Author Topic: SLS Development Stage UPDATE Thread (2)  (Read 483055 times)

Offline rayleighscatter

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Re: SLS Development Stage UPDATE Thread (2)
« Reply #680 on: 05/12/2016 11:14 am »
The SLS, Orion, and GSDO managers are trying to get the agency to push the EM-1 NET launch date up to September 2018.
(http://spacenews.com/nasa-working-towards-september-2018-slsorion-launch/)

Offline ngilmore

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Re: SLS Development Stage UPDATE Thread (2)
« Reply #681 on: 05/14/2016 06:01 pm »
Not sure where to put this, but the Los Angeles Times has a profile on AMRO with some photos related to SLS and Orion fabrication. AMRO was an early advertiser on this site, so you may recognize the name from that.

"AMRO is probably making more primary structure on the Orion-SLS combined rocket than anybody else," said Steve Doering, who oversees the building of the core stage for NASA.

http://www.latimes.com/science/space/la-me-space-builder-20160513-story.html

Online Chris Bergin

Re: SLS Development Stage UPDATE Thread (2)
« Reply #682 on: 05/19/2016 06:05 pm »
A reminder this is an update thread. Any questions or replies, quote the post and use the discussion thread. I know it'll take two minutes before someone doesn't do that (#InternetProblems)

Anyway:

Article by Chris Gebhardt:
https://www.nasaspaceflight.com/2016/05/orbital-atk-cislunar-habitat-missions-sls-orion/

Nathan L2 renders included.

Online AnalogMan

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Re: SLS Development Stage UPDATE Thread (2)
« Reply #683 on: 06/13/2016 07:33 pm »
NASA Completes Test Version of SLS Launch Vehicle Stage Adapter
Jennifer Harbaugh - June 13, 2016

A crane lifts the structural test article of the launch vehicle stage adapter (LVSA) after final manufacturing on a 30-foot welding tool at NASA’s Marshall Space Flight Center in Huntsville, Alabama. The LVSA will connect two major sections of the upper part of NASA's Space Launch System -- the core stage and the interim cryogenic propulsion stage (ICPS) -- for the first flight of the rocket and the Orion spacecraft. SLS will be the world's most powerful rocket and carry astronauts in NASA's Orion spacecraft on deep-space missions, including the journey to Mars.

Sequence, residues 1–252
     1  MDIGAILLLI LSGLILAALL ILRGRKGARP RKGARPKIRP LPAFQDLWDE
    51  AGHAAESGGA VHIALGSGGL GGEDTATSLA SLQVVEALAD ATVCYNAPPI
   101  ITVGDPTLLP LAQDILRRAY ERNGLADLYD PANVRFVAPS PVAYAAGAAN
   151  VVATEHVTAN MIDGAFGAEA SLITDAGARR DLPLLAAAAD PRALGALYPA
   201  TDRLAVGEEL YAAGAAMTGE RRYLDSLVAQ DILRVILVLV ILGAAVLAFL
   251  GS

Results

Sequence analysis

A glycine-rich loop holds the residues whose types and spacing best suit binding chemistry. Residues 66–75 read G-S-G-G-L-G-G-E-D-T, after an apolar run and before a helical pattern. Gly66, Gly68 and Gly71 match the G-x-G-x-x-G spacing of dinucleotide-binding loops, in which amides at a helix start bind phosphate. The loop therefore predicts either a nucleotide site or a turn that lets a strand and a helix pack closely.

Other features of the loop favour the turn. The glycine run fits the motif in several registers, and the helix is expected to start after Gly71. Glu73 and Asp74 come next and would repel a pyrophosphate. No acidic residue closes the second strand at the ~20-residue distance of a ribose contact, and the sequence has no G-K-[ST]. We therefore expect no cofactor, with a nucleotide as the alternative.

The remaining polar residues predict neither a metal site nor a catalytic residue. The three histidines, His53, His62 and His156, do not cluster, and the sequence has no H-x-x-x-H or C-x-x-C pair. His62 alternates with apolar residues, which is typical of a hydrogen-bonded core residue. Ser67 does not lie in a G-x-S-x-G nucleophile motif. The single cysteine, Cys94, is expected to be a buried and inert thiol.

Later this year at Marshall, the test version of the LVSA will be stacked with other structural test articles of the upper part of SLS. Engineers will examine test data and compare it to computer models to verify the integrity of the hardware and ensure it can withstand the forces it will experience during flight. The hardware's cone shape is due to the ICPS having a smaller diameter than the rocket's core stage. Teledyne Brown Engineering of Huntsville is the prime contractor for the LVSA.

Image Credit: NASA/MSFC/Emmett Given

http://www.nasa.gov/exploration/systems/sls/multimedia/completion-of-test-version-of-LVSA.html

Online AnalogMan

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Re: SLS Development Stage UPDATE Thread (2)
« Reply #684 on: 06/16/2016 07:32 pm »
Tail Service Mast Umbilicals Prepared to Support NASA’s Journey to Mars
June 16, 2016 - Linda Herridge